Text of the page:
August 6 — 5:20 pm, 2019

The Reading Quilt: Remembering Marva Collins

As teachers prepare to go back to school, they can learn from this pioneering educator.

Rachel Slaughter

Education is paramount: This is a popular maxim and a powerful one in the African American community. When we flip through the pages of African American history, we meet a host of academic activists who opened the doors for African American children to learn and discover our vast world. Notable present-day scholars like Cornel West, Ta-Nehisi Coates, and Henry Louis Gates Jr. walk freely through academic halls paved by scholars like the historians Cheikh Anta Diop and John Henrik Clarke, and the educator and activist Angela Davis.

“The Reading Quilt” provides a short synopsis of a book that teachers may use to  spark conversations about culture and race. This month “The Reading Quilt” shines a spotlight on the late Marva Collins, who worked passionately to help educate African American children who were dismissed as learning disabled, bad, or unlovable. Often using her own money, Collins devoted her life to providing quality education to those most in need. Her book Marva Collins’ Way was first published in 1982.

Marva Collins

Born Aug. 31, 1936, in Monroeville, Alabama, Collins lived most of her 78 years as an advocate for children. Considered a pioneer in education, Collins is best known for opening Westside Preparatory School in the impoverished Garfield Park neighborhood of Chicago in 1975. Her work at Westside helped her develop a style of teaching that became known as the Collins Method, and she hoped to offer an alternative there to the substandard schools in the area.

At this school, which she first opened in her home on a meager budget, she could teach young people to love learning. The curriculum included philosophers like Homer and Plato, as well as Chaucer, who wrote The Canterbury Tales and is considered “the Father of English literature.” Collins’ work with kids who were considered “unteachable” brought lots of media attention. Cicely Tyson portrayed Collins in a 1982 television movie, and Morgan Freeman played her husband, Clarence, who was a source of inspiration. The movie immortalized Westside Preparatory School, which Collins ran in a building on Chicago’s South Side for more than 30 years, until it closed in 2008.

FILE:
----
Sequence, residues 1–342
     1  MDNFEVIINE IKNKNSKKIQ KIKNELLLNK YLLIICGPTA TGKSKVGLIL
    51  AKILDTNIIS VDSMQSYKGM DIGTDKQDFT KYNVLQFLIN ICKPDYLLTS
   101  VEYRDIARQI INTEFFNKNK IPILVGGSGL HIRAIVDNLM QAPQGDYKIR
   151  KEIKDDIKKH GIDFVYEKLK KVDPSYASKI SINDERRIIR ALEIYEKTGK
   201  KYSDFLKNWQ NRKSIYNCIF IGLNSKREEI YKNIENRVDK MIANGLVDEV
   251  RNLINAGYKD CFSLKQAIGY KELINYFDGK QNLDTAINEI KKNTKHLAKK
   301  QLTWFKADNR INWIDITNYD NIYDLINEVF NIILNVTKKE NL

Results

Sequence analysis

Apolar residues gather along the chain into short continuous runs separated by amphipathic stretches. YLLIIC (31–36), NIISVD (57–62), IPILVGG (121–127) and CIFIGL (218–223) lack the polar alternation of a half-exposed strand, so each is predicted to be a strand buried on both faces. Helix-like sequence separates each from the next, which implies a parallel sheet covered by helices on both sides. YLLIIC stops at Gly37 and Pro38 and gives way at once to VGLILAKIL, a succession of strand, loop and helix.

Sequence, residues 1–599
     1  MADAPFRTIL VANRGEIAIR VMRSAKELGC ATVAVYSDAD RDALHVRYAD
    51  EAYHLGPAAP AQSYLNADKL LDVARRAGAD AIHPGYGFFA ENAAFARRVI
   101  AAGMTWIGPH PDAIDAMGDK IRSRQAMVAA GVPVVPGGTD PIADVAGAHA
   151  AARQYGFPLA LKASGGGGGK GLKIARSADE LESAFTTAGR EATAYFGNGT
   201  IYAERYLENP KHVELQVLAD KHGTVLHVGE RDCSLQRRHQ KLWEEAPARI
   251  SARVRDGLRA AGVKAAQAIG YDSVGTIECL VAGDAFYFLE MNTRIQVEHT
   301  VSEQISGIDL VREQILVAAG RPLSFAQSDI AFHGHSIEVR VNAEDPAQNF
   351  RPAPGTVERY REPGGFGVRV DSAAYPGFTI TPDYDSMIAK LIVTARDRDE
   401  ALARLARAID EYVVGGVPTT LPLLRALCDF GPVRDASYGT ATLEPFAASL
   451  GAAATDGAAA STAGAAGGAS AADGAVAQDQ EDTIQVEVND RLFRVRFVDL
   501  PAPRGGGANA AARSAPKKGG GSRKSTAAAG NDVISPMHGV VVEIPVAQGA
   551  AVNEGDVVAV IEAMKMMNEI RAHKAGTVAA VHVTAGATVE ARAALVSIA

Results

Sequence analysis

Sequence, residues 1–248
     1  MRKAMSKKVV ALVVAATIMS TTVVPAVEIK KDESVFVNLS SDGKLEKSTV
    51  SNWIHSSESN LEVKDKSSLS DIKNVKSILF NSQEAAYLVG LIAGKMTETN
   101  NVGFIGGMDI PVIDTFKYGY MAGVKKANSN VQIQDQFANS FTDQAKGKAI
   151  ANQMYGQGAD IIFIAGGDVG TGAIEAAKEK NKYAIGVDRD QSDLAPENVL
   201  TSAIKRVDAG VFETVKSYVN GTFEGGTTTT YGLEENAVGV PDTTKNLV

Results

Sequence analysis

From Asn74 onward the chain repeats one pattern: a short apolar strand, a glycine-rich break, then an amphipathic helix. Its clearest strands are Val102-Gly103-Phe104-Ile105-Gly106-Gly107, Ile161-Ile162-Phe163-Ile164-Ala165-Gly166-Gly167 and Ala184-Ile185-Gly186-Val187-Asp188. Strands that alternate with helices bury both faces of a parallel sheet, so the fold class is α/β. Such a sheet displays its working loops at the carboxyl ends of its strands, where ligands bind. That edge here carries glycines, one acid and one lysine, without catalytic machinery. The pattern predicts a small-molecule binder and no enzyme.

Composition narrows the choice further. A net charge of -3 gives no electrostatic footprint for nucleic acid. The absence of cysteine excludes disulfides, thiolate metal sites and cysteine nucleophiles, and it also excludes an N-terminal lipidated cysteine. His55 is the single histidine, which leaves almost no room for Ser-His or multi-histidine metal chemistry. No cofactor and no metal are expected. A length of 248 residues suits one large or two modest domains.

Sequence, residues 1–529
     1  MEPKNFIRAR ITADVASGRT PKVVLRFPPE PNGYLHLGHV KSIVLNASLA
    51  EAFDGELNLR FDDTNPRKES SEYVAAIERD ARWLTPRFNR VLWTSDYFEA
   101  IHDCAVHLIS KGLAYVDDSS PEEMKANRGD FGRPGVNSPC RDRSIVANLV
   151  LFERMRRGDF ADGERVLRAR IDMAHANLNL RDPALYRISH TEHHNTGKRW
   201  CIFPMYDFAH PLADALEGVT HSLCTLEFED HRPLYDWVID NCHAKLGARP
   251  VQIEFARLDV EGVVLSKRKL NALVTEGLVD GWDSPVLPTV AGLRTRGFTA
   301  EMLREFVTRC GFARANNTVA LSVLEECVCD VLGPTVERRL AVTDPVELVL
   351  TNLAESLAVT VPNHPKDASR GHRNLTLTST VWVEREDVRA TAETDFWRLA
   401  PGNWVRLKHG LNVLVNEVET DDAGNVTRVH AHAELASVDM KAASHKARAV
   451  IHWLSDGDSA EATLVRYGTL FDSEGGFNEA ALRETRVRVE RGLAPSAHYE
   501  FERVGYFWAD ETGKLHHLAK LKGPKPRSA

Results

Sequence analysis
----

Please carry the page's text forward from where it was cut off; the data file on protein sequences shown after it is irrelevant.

Collins, often invited to speak at public events, was celebrated for her work in the education system. She received prestigious awards and honorary doctorates from institutions such as Amherst College, Dartmouth College, and Notre Dame University. President George W. Bush awarded her the National Humanities Medal in 2004. She also wrote books about her experience as an educator. Collins died June 24, 2015.

An interview with Collins

As a veteran educator and journalist, I was thrilled to meet and interview Marva Collins in 2009 at Plate Restaurant (now defunct) in Ardmore, Pa. By the time I met my academic idol, I had been teaching nearly two decades, had read her book a dozen times, and had memorized Cicely Tyson’s lines in the TV movie. But nothing could prepare me for the moment when Collins stepped into Plate, with her entourage, including members of Concerned Black Parents, at her side. She was statuesque in her flowing pale-colored pants suit, short-cropped hair, and distinctive jewelry. Once she passed the threshold, the clinking of wine glasses and din of voices became muffled, and the entire restaurant seemed to pause. For a second, I thought I had made a terrible mistake in inviting this queen to Plate. I thought that a lady of her refinement and grace might find it brash. Instead, Collins, in her voice reminiscent of a griot, absorbed the festive vibe and ordered a child’s mac and cheese because she didn’t want to break my budget. So it was over mac and cheese and plates of hors d’oeuvres that Collins gave us “pupils” wisdom that I treasure to this day.